Steelers' Bettis, Dawson left out of Hall of Fame class
February 6, 2011 10:00 AM
Former Steelers running back Jerome Bettis.
By Ed Bouchette Pittsburgh Post-Gazette
DALLAS -- On the day before the Super Bowl, the Steelers were shut out when the new Pro Football Hall of Fame class was elected.
Jerome Bettis and Dermontti Dawson will have to wait at least until next year. They were among the 15 finalists considered Saturday for induction when the 44 Hall of Fame selectors met here.
Bettis, the franchise's second-leading all-time rusher, was eliminated on the first ballot that whittled the candidates to 10. It was his first year of eligibility. Dawson, eligible for the fifth year, reached the final 10 for the second consecutive year before he was eliminated.
Also failing to make it were two former Pitt players, defensive end Chris Doleman, and running back Curtis Martin, an Allderdice High School graduate.
Deion Sanders and Marshall Faulk led the class and were joined by Shannon Sharpe, Richard Dent, Ed Sabol, Les Richter and Chris Hanburger.
Sanders, the outstanding cornerback/kick returner and sometime wide receiver known as "Prime Time" with five teams, is a two-time Super Bowl winner and was the Defensive Player of the Year in 1994.
Faulk won a Super Bowl with the 1999 Rams, was the 1994 Offensive Rookie of the Year, 2000 NFL MVP and a three-time Offensive Player of the Year (1999-2001). Faulk is the 10th-leading career rusher with 12,279 yards.
Sharpe starred for Denver and Baltimore for 14 seasons and won three Super Bowls in a four-year span, two with Denver, one with Baltimore. He held league records for a tight end in receptions, yards and touchdowns when he retired in 2001.
Dent, who spent most of his NFL career as a defensive end with the Chicago Bears, was the Most Valuable Player in the 1986 Super Bowl and finished with 137 1/2 career sacks. He was the top pass-rusher on one of the NFL's greatest defensive units. Dent became a starter in 1984, beginning a 10-year period in which he made 10 or more sacks in eight of 10 seasons.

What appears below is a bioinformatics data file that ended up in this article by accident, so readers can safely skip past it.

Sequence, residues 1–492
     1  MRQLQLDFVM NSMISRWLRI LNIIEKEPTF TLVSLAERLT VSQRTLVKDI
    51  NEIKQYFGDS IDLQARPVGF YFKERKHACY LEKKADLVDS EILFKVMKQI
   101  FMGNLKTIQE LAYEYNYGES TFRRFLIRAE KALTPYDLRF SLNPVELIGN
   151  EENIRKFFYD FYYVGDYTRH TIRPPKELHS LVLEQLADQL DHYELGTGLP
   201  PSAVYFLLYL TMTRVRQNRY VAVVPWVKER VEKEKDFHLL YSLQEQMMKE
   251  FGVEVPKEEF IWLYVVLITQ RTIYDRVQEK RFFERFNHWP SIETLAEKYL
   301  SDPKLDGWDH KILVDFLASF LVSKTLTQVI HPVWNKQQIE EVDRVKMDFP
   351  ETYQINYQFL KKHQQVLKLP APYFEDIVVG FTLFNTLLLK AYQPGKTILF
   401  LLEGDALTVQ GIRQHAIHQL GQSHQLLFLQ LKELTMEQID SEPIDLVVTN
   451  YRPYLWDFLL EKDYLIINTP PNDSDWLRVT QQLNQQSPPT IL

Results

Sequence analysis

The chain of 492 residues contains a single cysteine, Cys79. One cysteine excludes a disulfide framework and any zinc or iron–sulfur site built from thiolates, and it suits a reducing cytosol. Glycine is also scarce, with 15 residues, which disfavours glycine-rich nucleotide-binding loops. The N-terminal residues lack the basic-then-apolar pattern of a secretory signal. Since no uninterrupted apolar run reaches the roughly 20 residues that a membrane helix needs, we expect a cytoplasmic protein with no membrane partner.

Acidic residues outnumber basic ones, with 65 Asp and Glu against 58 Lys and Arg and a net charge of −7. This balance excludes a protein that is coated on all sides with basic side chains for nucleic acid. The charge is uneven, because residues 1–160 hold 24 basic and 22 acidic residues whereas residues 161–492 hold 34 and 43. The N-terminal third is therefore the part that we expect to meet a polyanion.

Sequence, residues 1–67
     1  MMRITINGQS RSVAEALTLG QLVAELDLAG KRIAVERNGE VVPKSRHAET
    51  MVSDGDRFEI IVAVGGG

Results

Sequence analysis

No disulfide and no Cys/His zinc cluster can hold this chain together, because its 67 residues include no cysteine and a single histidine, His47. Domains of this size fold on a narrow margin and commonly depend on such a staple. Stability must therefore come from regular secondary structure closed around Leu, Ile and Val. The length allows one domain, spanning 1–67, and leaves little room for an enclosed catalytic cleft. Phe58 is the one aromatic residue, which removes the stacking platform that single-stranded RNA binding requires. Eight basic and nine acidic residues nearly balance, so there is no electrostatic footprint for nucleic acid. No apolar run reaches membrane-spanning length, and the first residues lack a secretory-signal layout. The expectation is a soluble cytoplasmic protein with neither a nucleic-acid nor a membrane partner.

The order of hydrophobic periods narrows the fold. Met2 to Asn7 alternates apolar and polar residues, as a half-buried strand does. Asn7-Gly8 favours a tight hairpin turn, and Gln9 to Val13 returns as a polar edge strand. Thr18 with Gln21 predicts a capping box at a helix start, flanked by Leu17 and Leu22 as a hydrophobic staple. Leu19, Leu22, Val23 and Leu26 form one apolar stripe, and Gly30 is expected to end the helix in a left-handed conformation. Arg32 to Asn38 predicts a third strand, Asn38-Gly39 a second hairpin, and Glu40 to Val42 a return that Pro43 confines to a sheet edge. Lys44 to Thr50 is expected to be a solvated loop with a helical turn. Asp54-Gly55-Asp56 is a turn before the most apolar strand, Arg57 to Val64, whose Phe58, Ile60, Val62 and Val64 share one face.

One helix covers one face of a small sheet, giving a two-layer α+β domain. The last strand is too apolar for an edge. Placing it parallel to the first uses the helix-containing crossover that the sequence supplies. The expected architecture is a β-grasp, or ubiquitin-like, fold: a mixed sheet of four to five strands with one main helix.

"It was a long time coming, I am very happy," Dent said.
"If you can do your thing the way [Walter Payton] did his, you can be in the Hall of Fame. I am so thankful for this."
Dent also won a Super Bowl in 1994 with the San Francisco 49ers.
Richter played linebacker for the Los Angeles Rams from 1954-62. They traded 11 players for him and waited two years while he was in the military before he suited up. He made the wait worthwhile, going to eight consecutive Pro Bowls. He also was a center and kicker.
Richter died in June.
Hanburger spent all 14 seasons with the Washington Redskins and played in nine Pro Bowls. He played from 1965-78.
Sabol founded NFL Films.
Other finalists who did not get in were longtime Seattle defensive lineman Cortez Kennedy, former Buffalo Bills and Washington Redskins wide receiver Andre Reed and former New Orleans Saints and Kansas City Chiefs offensive tackle Willie Roaf.
Induction ceremonies are Aug. 6 in Canton, Ohio.
Bettis retired after the 2005 season that had a storybook finish for him when the Steelers won Super Bowl XL in his hometown of Detroit. The Bus finished with 13,662 yards, fifth-most in NFL history. He made six Pro Bowls.
Dawson and Hall of Famer Mike Webster, the man he succeeded at center, are considered the two best linemen in the Steelers' history.
Dawson made seven Pro Bowls and six All-Pro teams. He also made the NFL's team of the decade for the 1990s and was twice voted offensive lineman of the year, in 1993 (AFC) and 1996 (NFL).
"It was a long time coming, I am very happy. If you can do your thing the way [Walter Payton] did his, you can be in the Hall of Fame. I am so thankful for this."
The Associated Press contributed to this report. First Published February 6, 2011 5:00 AM